The fact that he does not attack the villagers proves that the creature is not violent at this point in the story. Frankenstein, the monster, then runs and hides in this hovel, and reflects on how he has been treated. He feels 'miserable' due to the 'barbarity of man'. At this point you can't really call the creature 'a monster' because he is doing nothing to harm mankind; in fact it is the other way round. He has feelings and emotions like humans because he's upset about how people are acting towards him. He is drawn to civilisation, but the civilised world rejects him on the basis of his alien appearance. He finds a low hovel, adjoined to a cottage belonging to the De Lacey family, and makes this his home. From watching the De Lacey family, he learns more about emotion, more about love. Frankenstein, the creature, settles o a cottage where Felix a young man, his father and sister Agatha live. At first he steals food for his 'own consumption'. But by doing this he knew it 'inflicted pain on the cottagers'. This also shows the monster is intelligent because he can understand. So he satisfies himself with 'berries, nuts, and roots', which he gathered 'from a neighboring wood'. The monster also learns because he took the tools from the old man and learnt how to use them and 'brought home firing sufficient for the consumption of several days'. This also shows the creature's generosity. At his stay near the cottagers he also learns how to speak due to Felix's Arabian girlfriend, Safie, learning how to speak English through Agatha and Felix teaching her. So, Frankenstein the monster, has feelings: he is generous, he can learn, and now he can speak English. With all these characteristics he is less like a monster but more and more like a human. Then he looks at the cottagers admiring 'the perfect forms...--their gracer beauty, and delicate complexions'. He then thinks he might look like them. ...read more.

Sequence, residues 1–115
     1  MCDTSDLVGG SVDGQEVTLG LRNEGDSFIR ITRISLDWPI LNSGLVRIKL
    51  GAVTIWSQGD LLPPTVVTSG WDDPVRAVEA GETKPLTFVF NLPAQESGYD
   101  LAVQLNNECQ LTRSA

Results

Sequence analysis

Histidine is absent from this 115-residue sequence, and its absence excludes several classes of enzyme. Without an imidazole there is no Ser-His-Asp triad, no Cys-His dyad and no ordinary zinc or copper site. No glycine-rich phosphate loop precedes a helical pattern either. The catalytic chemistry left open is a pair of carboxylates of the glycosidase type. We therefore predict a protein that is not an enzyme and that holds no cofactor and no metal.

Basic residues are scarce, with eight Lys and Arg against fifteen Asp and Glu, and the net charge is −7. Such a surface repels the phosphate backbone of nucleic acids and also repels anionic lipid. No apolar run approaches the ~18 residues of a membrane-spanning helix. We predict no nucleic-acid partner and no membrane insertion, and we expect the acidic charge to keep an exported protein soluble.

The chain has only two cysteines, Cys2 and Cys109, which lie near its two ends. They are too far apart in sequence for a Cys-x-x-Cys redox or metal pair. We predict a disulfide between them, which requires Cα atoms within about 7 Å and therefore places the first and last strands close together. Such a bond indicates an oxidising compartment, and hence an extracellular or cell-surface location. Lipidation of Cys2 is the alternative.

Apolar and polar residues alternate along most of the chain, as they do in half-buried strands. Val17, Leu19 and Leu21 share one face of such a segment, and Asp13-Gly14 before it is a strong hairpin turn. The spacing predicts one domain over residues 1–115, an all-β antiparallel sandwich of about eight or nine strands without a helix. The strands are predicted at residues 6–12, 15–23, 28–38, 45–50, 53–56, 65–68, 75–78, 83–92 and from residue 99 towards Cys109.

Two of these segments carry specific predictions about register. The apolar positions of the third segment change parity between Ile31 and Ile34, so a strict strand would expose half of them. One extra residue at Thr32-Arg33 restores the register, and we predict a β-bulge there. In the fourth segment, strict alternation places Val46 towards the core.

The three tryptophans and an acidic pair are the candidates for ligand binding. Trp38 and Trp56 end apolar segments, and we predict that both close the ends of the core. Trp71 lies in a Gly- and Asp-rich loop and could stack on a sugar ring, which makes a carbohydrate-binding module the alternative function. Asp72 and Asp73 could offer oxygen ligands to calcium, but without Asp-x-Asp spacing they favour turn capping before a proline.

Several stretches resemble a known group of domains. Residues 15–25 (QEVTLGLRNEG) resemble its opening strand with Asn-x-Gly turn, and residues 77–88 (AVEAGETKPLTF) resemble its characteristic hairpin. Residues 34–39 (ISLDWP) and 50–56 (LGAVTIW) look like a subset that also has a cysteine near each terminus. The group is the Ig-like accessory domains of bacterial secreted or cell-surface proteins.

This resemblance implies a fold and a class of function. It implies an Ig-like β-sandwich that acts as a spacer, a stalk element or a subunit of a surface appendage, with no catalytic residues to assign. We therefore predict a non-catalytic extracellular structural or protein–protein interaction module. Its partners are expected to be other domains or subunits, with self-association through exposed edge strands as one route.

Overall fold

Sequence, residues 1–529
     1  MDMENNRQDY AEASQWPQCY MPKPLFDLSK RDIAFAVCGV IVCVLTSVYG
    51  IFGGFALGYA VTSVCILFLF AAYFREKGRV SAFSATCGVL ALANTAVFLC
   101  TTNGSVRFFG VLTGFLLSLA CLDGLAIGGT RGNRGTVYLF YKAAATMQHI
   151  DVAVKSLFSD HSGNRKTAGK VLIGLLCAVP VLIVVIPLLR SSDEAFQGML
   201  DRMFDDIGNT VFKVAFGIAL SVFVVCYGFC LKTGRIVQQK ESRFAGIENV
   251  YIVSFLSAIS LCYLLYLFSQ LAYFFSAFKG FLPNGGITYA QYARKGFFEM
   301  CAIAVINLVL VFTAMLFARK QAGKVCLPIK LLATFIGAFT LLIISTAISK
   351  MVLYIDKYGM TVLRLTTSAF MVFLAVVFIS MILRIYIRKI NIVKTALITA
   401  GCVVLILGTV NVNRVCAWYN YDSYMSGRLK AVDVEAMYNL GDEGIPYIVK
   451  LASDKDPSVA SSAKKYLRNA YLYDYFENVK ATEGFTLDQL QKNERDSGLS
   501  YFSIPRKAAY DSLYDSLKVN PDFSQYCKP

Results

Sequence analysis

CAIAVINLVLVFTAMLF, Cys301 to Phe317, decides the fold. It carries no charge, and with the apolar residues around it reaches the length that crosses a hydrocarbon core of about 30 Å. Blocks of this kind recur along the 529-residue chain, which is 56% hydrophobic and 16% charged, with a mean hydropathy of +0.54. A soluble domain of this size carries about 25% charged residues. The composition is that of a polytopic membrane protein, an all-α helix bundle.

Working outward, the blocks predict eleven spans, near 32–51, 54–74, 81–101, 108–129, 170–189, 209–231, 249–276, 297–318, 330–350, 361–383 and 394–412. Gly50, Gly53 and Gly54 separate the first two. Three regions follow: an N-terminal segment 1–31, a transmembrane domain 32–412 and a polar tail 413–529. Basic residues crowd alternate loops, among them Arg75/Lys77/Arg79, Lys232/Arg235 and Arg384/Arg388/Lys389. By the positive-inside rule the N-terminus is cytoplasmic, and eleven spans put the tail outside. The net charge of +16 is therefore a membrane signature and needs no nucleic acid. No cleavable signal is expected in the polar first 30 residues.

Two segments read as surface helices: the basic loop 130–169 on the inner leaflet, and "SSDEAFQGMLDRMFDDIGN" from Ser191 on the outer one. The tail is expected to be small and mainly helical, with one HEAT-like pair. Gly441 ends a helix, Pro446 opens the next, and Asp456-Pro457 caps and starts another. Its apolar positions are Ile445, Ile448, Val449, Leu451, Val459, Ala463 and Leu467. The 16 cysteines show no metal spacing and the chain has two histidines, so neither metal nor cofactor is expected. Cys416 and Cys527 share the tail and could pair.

Frankenstein the monster then wins back the sympathy of the audience by understanding what be has done and says 'crime has degraded me beneath the meanest animal'. He also says that: "I am alone" We feel sorry for the monster because he has now got no one. My finally impression of Frankenstein the monster would be a victim who has been driven into becoming a villain by the reaction and behavior of people around him. The monster being abandoned by his creator played a big part in the monster turning evil. The monster was doing good things for people and they repaid him by harming him. But he still did good things and at a point he became a hero by saving a girl's life. He committed his first murder of a human when he was introduced to the Frankenstein's brother. From them on his status in the audience's eyes go down hill. He had becomes hated. Mary Shelley's main message of the novel is that you shouldn't be over ambitious. Mary Shelley is trying to tell people that scientific experiments should not to be used to play with nature. Nature should be left alone because the consequences may be disastrous, as shown by Frankenstein's experiment. I think that the novel is still important today because of all the experiments being carried out in the 21st century such as cloning, genetically modified food, designer babies and so on scientist, should take a deep breath and reflect on this novel. They should question themselves if they are doing the same mistake as Victor Frankenstein, of being over ambitious. Today's scientists are still in the early days of their research and should seriously consider the consequences of what they are about to create. Through reading the novel I also learn that you should never judge a person just by looking at them. This was the obvious mistake that the humans made when they saw Frankenstein the monster. ?? ?? ?? ?? Name: Abdul Odud Roll number: 5115 English Coursework - 1 - ...read more.